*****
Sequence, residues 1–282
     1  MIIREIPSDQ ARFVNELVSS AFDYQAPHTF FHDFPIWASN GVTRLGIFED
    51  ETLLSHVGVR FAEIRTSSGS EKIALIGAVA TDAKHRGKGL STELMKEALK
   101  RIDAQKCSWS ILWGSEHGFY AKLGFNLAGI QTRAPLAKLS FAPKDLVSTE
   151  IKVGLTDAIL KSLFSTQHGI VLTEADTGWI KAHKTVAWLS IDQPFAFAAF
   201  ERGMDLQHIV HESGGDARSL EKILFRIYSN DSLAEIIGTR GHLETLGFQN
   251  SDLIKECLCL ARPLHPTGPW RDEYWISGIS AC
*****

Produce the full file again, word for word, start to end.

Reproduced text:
Sequence, residues 1–282
     1  MIIREIPSDQ ARFVNELVSS AFDYQAPHTF FHDFPIWASN GVTRLGIFED
    51  ETLLSHVGVR FAEIRTSSGS EKIALIGAVA TDAKHRGKGL STELMKEALK
   101  RIDAQKCSWS ILWGSEHGFY AKLGFNLAGI QTRAPLAKLS FAPKDLVSTE
   151  IKVGLTDAIL KSLFSTQHGI VLTEADTGWI KAHKTVAWLS IDQPFAFAAF
   201  ERGMDLQHIV HESGGDARSL EKILFRIYSN DSLAEIIGTR GHLETLGFQN
   251  SDLIKECLCL ARPLHPTGPW RDEYWISGIS AC